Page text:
If you are an AT&T customer however, there are rules you must follow in order to take advantage of that feature. Namely, you must switch to one of their Mobile Share data plans. This was not received well across the spectrum, from customers to advocacy groups. Some believed it was not in keeping with the spirit of net neutrality. However, that was the set of rules that AT&T used when they responded. Citing the net neutrality rules set forth by the FCC, AT&T explained that it was not doing anything wrong in blocking this feature for its customers that are not on a shared data plan. This explanation was in response to a statement offered by Public Knowledge which asserted that “there is no technical reason why one data plan should be able to access FaceTime, and another not.”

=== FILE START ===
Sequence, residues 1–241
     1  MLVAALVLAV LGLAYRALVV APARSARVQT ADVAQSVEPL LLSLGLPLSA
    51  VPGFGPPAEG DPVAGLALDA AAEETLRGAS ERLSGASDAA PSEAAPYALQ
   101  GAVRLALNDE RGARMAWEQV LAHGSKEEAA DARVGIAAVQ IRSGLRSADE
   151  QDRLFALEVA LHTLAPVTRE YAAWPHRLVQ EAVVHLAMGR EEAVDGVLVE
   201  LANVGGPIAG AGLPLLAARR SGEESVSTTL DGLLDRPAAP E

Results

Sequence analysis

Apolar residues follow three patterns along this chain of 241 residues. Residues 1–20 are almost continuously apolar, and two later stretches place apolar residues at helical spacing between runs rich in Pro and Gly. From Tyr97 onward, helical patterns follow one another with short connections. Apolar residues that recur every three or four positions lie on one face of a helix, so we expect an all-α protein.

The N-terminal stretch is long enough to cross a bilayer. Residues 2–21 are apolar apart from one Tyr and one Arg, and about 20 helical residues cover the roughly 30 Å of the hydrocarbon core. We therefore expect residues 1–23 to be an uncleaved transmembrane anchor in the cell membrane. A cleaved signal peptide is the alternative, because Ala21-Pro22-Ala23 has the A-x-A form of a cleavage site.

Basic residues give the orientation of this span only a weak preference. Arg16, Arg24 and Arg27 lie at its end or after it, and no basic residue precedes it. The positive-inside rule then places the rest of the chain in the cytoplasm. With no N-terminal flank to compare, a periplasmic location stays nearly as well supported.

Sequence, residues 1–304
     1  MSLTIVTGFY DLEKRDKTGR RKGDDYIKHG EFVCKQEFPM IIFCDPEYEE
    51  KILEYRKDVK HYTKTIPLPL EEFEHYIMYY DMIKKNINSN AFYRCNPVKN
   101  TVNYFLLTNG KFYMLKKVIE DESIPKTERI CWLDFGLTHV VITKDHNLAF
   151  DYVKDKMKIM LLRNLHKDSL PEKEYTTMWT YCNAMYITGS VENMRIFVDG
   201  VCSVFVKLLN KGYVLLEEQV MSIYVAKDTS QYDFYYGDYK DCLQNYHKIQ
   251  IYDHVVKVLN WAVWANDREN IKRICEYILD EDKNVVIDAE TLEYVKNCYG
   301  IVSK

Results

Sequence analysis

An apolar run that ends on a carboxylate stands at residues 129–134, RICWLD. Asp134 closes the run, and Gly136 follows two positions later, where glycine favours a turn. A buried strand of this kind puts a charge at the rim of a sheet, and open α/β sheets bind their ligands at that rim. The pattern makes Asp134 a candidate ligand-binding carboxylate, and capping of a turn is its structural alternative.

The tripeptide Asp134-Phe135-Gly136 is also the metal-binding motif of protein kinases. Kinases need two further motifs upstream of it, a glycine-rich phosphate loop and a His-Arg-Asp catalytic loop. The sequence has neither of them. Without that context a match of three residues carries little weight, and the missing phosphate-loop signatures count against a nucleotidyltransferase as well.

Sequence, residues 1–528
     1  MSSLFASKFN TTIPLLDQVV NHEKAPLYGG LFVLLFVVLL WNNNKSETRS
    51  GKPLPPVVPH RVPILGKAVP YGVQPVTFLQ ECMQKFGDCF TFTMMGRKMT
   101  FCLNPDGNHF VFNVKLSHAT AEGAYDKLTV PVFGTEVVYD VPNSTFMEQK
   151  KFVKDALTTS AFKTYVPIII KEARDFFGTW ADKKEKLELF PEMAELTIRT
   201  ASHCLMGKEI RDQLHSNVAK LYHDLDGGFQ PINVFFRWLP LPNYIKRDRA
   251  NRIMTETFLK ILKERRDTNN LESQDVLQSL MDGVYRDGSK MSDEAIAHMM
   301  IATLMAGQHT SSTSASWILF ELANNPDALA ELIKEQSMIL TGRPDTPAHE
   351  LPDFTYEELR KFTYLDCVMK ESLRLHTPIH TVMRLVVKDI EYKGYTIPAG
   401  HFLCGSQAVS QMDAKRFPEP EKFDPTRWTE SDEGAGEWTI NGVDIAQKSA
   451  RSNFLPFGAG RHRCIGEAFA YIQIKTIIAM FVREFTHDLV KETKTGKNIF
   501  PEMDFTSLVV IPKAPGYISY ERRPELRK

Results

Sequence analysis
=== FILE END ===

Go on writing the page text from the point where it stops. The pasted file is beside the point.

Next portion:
Free Press, Public Knowledge and the Open Technology Institute at New America Foundation informed AT&T of their intent to file a formal complaint against the company to the FCC. That means that they have not yet filed, perhaps hoping that AT&T will respond to the threat.
Given AT&T’s response to Public Knowledge last month, we suspect that this threat of action will not yield any results. It is a fine line between a pre-loaded app like FaceTime, and a third-party app like Skype, which is not restricted. The question may be posed, would AT&T be able to thread that needle to the FCC, which of late has been leaning on the side of “openness?”